Iraqis saddest people in Arab region: Report

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  • Lebanon, Egypt and Tunisia follow Iraq, according to Gallup World Poll.
  • Research has revealed that emotions usually drive bad investment decisions.

Iraq was the saddest and the angriest Arab country in 2020, followed by Lebanon, Egypt and Tunisia in that order, according to a Gallup World Poll.
With the successive political, economic, and social crises that affect some of the Middle East countries, their citizens are exposed to situations that provoke their internal anger and bring out negative emotions, which are usually expressed in mass revolutions and massive demonstrations, an increase in the crime rate, or even a rise in poverty and unhappiness rates.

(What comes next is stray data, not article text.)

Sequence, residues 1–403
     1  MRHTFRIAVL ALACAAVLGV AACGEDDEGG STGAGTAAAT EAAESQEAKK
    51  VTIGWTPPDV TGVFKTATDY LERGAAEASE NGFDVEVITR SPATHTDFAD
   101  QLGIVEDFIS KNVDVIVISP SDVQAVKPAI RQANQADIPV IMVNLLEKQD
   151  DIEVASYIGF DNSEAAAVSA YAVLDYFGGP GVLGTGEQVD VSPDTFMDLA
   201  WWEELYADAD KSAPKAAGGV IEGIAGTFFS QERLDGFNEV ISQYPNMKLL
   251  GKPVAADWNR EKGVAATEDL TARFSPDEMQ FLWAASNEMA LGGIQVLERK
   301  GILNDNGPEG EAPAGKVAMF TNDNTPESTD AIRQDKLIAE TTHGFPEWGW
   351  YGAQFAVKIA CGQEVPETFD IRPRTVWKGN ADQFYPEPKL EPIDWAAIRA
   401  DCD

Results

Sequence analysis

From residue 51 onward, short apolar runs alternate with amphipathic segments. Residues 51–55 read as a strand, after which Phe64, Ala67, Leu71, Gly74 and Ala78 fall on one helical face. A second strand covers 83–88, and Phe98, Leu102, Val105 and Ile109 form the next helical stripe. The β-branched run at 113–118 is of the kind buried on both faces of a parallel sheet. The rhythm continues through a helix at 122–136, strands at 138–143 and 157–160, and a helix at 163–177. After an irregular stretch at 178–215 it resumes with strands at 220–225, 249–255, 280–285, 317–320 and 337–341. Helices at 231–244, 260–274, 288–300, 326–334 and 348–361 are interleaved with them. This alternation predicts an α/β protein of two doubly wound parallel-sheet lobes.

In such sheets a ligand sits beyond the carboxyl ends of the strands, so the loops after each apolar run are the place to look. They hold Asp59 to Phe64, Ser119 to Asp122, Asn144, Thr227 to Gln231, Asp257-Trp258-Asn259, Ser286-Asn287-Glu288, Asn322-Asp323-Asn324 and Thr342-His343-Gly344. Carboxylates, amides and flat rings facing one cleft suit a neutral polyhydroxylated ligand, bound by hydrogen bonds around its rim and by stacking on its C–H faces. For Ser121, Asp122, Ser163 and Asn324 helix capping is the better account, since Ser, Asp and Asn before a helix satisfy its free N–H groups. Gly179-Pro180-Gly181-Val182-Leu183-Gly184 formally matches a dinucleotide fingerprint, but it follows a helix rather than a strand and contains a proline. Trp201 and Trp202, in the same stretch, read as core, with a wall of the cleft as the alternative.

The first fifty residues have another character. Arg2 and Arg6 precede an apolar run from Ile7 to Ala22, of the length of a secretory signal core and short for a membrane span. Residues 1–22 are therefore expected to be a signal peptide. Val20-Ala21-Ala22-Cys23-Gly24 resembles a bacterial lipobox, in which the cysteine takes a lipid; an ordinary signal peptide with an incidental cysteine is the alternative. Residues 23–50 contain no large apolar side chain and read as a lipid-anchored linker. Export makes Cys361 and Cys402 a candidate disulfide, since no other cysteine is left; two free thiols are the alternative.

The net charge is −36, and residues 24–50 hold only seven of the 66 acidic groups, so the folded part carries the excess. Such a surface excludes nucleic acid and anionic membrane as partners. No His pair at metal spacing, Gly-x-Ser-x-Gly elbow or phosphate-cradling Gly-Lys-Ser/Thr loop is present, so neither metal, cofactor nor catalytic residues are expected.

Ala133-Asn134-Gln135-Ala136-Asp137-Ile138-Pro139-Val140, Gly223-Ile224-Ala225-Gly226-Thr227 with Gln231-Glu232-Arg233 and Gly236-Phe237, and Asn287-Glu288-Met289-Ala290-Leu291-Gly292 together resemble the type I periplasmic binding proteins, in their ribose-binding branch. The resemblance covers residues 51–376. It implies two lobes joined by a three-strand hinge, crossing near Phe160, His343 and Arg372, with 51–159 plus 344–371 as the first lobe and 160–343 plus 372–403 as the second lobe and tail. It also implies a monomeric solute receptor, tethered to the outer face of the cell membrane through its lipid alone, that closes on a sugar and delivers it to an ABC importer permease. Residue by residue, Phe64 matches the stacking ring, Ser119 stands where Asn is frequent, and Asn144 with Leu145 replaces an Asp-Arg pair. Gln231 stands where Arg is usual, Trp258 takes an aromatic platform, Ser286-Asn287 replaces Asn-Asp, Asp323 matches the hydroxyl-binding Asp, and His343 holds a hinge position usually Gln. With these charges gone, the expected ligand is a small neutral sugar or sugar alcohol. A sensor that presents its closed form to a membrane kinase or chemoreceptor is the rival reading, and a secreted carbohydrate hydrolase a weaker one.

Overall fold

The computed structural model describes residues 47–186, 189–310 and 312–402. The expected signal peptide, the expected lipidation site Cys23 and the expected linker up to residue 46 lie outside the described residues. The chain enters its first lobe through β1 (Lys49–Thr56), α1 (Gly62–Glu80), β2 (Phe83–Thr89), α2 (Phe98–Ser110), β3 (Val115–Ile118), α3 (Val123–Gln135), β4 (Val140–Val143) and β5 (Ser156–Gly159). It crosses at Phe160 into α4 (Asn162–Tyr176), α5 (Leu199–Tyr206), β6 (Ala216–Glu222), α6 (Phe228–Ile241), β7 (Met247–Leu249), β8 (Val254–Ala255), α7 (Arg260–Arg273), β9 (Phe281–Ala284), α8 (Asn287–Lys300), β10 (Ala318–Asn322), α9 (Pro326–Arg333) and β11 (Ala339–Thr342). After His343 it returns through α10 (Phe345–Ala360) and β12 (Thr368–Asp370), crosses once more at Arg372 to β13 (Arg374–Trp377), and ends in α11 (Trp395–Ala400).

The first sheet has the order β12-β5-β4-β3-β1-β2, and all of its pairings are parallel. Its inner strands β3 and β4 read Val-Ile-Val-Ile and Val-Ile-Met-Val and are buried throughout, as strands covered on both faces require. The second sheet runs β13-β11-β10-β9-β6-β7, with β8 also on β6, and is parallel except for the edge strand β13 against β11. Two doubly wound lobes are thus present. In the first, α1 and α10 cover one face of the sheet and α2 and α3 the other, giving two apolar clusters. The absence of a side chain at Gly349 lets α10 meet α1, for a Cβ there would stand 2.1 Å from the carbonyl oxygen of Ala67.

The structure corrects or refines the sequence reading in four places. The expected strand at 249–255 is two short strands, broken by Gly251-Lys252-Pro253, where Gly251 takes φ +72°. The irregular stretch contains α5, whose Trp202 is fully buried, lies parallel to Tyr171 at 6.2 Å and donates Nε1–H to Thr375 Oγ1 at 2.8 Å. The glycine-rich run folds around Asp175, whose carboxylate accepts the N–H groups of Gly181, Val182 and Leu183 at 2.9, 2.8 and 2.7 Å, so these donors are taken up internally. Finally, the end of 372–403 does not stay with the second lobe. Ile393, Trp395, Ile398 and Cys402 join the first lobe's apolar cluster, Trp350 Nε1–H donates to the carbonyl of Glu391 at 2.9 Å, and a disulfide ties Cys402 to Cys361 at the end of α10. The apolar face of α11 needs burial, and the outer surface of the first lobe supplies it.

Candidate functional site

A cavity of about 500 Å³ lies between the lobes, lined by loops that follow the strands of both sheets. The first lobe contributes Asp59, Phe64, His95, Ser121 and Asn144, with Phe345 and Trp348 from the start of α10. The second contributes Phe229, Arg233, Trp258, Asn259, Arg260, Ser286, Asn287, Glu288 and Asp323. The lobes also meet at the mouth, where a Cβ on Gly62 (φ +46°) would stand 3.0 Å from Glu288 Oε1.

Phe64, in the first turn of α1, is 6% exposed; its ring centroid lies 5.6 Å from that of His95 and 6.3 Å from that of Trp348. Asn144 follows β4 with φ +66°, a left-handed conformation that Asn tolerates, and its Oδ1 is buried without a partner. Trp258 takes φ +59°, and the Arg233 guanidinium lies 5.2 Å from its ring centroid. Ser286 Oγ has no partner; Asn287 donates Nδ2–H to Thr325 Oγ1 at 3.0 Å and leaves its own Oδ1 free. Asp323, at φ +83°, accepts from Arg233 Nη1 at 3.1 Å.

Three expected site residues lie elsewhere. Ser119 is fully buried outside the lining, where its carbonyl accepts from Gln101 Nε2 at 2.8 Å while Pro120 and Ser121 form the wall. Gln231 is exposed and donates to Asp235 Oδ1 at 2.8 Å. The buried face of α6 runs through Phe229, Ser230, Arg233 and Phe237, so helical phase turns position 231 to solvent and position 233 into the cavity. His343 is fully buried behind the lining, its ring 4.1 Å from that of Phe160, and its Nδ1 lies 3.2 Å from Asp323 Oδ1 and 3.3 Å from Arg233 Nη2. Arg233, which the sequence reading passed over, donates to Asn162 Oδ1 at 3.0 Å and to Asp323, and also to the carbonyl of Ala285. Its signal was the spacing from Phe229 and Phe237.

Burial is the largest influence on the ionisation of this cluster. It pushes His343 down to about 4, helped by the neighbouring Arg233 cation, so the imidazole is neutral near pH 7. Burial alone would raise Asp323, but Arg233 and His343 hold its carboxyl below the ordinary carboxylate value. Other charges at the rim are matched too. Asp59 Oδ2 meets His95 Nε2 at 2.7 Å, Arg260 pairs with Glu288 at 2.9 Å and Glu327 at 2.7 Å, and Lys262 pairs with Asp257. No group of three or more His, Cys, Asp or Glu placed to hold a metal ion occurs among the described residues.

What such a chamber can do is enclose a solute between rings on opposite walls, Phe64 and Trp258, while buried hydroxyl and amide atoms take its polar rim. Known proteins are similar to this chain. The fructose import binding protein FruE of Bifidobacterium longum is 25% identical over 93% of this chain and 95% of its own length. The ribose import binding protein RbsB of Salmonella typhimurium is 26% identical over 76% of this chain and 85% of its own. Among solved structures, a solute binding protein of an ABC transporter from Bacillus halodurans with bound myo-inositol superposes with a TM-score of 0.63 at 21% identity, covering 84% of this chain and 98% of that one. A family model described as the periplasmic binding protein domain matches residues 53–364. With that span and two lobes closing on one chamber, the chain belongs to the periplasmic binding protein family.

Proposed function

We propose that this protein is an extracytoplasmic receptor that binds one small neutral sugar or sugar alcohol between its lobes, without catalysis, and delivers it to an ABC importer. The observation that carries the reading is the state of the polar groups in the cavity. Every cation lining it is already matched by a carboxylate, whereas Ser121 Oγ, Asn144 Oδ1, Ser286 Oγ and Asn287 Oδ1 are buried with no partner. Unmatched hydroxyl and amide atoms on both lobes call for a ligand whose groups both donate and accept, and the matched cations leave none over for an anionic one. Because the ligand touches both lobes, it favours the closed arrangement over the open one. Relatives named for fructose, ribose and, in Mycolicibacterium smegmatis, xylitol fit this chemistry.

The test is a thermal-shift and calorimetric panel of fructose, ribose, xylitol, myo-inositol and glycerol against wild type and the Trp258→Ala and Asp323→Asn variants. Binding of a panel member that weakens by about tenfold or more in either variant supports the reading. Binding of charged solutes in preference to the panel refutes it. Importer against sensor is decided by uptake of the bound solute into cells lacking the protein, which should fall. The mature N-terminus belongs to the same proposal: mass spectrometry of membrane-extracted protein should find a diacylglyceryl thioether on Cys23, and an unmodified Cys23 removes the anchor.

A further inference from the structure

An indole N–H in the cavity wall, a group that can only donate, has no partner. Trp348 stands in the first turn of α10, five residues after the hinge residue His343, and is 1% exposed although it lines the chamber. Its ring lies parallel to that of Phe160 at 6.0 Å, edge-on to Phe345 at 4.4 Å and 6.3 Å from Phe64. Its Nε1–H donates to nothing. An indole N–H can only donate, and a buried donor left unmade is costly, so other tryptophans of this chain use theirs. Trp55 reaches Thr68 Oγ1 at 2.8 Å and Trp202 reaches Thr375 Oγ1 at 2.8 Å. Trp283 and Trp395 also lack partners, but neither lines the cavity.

Every year, Gallup, the American analytics and advisory company, surveys countries whose citizens have negative emotions. The organization has published its report for 2020, which shows the world was feeling the worst it had in 15 years. As a result, the index score reached a new high of 32 in 2020.
Gallup interviewed adults in 115 countries and asked them about the five specific negative experiences on the day preceding the survey. Four in 10 adults said they had experienced worry or stress (40 percent each), under three in 10 had experienced physical pain (29 percent) the previous day and about one in four or more experienced sadness (27 percent) or anger (24 percent).
According to the report, the anxiety and sadness indicators increased by one percentage point, the anger index rose by two points, and the stress index jumped by five points. After being stable for several years, the percentage of people who had body pain declined by two points.
The report said that 2020 will go down in history as the most stressful year ever. Between 2019 and 2020, the stress index increased by five points, indicating that an additional 190 million people worldwide were stressed.

IRAQIS FEEL THE WORST